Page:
OnBoard Winter 2016 - page 26

After nearly a decade of Conservative leadership, Canada
is entering 2016 with a new government. Many business
leaders are curious about how the Liberal government
will approach immigration policy.
In the nine-and-a-half years of Conservative rule,
governmental changes to immigration were monumental
in nature. The Tories introduced new permanent residence
programs, such as the Canadian Experience Class category
and the Express Entry permanent residence program,
which they envisioned would take in 100,000 of the
180,000 permanent residents who arrive in Canada annually
through economic categories. Also of note were numerous
free trade agreements, intended to facilitate the movement
of labour between the EU, South Korea, and most recently,
with much of Asia, via the Trans Pacific Partnership.
The Conservative government also tightened up
foreign worker programs by revamping the labour
market testing process that governed the sponsorship
of temporary foreign workers. Of particular note were
new compliance measures, which will likely survive
into the Liberal government’s tenure.
Compliance measures for temporary foreign workers were
traditionally limited to employers who obtained approval
of their labour market impact assessments (LMIA) to hire
individuals on work permits. Not only did the government
strengthen this compliance regime by introducing in-
depth audits and unannounced inspections, but they also
began auditing employers who brought in individuals
with LMIA-exempt work permits, such as those under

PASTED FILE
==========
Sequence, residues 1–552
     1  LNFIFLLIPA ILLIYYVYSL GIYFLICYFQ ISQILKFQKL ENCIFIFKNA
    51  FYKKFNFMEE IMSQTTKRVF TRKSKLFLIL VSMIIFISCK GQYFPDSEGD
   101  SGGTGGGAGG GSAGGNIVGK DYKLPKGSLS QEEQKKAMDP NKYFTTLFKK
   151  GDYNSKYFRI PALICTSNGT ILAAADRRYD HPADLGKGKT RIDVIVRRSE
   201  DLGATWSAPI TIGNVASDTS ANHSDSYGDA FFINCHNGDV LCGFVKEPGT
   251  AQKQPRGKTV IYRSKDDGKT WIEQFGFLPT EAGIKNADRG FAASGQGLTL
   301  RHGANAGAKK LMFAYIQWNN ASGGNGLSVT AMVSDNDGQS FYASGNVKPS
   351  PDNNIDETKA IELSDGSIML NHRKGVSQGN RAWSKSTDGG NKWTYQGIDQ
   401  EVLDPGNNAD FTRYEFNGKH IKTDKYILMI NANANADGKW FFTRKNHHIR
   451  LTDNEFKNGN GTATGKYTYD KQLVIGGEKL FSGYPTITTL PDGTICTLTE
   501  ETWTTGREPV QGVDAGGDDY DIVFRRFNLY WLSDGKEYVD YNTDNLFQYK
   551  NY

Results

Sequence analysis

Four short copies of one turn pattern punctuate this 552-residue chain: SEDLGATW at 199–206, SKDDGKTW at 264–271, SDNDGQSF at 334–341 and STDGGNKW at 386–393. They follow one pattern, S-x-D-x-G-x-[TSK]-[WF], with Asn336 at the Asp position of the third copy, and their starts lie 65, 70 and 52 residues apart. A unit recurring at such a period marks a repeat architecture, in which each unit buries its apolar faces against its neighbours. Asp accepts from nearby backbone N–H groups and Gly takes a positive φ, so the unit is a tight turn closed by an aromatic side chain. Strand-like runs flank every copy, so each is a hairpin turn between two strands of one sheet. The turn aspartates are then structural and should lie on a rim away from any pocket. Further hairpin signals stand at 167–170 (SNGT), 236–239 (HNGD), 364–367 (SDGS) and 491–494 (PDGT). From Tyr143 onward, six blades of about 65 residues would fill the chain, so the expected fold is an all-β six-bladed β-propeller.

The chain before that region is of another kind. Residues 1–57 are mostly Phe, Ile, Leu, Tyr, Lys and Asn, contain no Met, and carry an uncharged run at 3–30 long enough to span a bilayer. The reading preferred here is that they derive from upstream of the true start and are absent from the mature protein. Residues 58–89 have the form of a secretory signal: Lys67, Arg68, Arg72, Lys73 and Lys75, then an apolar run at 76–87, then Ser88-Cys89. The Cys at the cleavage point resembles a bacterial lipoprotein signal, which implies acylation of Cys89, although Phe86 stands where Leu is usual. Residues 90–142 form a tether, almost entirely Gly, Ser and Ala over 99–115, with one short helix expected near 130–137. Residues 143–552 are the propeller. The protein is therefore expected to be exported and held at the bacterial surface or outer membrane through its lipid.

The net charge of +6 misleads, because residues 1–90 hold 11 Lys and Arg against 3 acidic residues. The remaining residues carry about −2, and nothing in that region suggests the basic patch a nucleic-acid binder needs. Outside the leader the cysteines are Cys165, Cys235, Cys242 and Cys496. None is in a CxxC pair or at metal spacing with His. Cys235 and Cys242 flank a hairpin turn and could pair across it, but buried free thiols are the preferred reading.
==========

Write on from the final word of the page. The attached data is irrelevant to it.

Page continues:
the widely used NAFTA Professional and intra-company
transfer categories. Given the Liberals’ criticism of the
previous government’s handling of the temporary foreign
worker scandals of 2013 and 2014, businesses should not
expect much change to this more stringent approach.
A key indicator of the new government’s view is Prime
Minister Trudeau’s appointments of John McCallum
as Minister of Immigration, Refugees and Citizenship
and MaryAnn Mihychuk as Minister of Employment,
Workforce Development and Labour. These ministers
will influence not only the content of policies but also
the pace of changes to them. Jason Kenney, Canada’s
immigration minister from 2008–13, introduced a
whirlwind of reforms, many of which are attributed
to his own personal attention to this portfolio.
These Ministers’ prior activities and statements, coupled
with the renaming of the ministries themselves, indicate
their primary focus will likely be on fulfilling campaign
pledges to address the Syrian refugee crisis. Businesses
can also anticipate a re-examination of the temporary
foreign worker program in general, especially with
regard to creating new pathways to permanent residency
for temporary foreign workers.
Businesses should not, however, equate renewed focus
on refugee and family-based priorities with government
complacency on enforcement. Continued vigilance
remains prudent, as the new government will undoubtedly
face similar demands to protect the Canadian labour
market — something Liberal critics demanded often
from the opposite side of the House.
Audrea Golding is a Partner at Fragomen Canada’s
Toronto office. She has expertise in both U.S. and
Canadian temporary immigration matters. Jack Kim
is a Manager at Fragomen Canada’s Toronto office and
specializes in Canadian temporary immigration matters.
They can be reached at 416.504.3838 or by email at
Global Mobility and Business
Immigration Update:
What to Expect from the New Liberal Government
By Audrea Golding, Partner, Fragomen (Canada) Co. &
Jack Kim, Manager, Fragomen (Canada) Co.
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